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Langston Hughes 1902–67 

  1. When I get to be a composer
    I'm gonna write me some music about
    Daybreak in Alabama.
    And I'm gonna put the purtiest songs in it
    Rising out of the ground like a swamp mist
    And falling out of heaven like soft dew.
     
    Daybreak in Alabama, 1940
  2. Let America be America again.
    Let it be the dream it used to be.
     
    ….
    O, let America be America again—
    The land that has never been yet—
    And yet must be—
    The land where every man is free.
    ….
     
    America never was America to me.
    And yet, I swear this oath—
    America will be!
     
    Let America Be America, 1938
  3. O sweep of stars over Harlem streets,
    O little breath of oblivion that is night.
    A city building to a mother's song,
    A city dreaming to a lullaby.
     
    In a 1963 essay, In Love with Harlem, Hughes wrote: “Melting pot Harlem—Harlem of honey and chocolate and caramel and rum and vinegar and lemon and lime and gall. Dusky dream Harlem rumbling into a nightmare tunnel where the subway from the Bronx keeps right on downtown.”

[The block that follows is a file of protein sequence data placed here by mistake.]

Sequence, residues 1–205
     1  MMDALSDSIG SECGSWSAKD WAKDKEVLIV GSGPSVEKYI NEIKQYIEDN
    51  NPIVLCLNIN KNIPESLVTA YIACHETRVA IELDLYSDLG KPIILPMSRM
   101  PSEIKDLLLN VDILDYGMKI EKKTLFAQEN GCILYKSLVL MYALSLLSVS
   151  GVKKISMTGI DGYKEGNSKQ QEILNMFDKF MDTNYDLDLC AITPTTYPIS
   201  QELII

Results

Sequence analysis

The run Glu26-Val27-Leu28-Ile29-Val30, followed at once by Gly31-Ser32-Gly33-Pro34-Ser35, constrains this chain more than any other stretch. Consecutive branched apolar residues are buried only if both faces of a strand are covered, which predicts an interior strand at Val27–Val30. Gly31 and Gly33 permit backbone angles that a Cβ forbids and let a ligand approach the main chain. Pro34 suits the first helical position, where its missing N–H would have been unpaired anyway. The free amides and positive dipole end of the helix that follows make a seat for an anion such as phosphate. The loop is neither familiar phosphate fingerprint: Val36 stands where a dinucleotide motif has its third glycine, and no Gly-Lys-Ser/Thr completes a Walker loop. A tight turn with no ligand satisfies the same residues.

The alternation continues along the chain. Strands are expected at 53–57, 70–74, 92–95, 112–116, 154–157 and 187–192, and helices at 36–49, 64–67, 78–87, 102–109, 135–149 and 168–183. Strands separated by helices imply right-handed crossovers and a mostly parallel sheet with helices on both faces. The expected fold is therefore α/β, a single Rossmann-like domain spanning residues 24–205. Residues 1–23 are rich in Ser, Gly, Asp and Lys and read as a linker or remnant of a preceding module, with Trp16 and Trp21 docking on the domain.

Stars, in From My People
  4. I swear to the Lord
    I still can't see
    Why Democracy means
    Everybody but me.
     
    The Black Man Speaks, in Jim Crow's Last Stand, 1943
  5. What happens to a dream deferred?
    Does it dry up
    Like a raisin in the sun?…
    Or does it explode?
     
    Harlem, 1951
  6. Sometimes a crumb falls
    From the tables of joy
    Sometimes a bone
    Is flung
    To some people love is given
    To others
    Only heaven.
     
    Luck, in Fields of Wonder, 1947
  7. Yesterday,
    A night-gone thing
    A sun-down name.
     
    Youth, in From My People
  8. I swear to the Lord
    I still can't see
    Why Democracy means
    Everybody but me.
     
    The Black Man Speaks, in Jim Crow's Last Stand, 1943
  9. What happens to a dream deferred?
    Does it dry up
    Like a raisin in the sun? …
    Or does it explode?
     
    Harlem, 1951
  10. De railroad bridges's
    A sad song in the air.
     
    Homesick Blues
  11. My soul has grown deep like the rivers.
    The Negro Speaks of Rivers, 1926
  12. A wonderful time — the War:
    when money rolled in
    and blood rolled out.
    But blood
    was far away
    from here —
    Money was near.
     
    Green Memory, 1949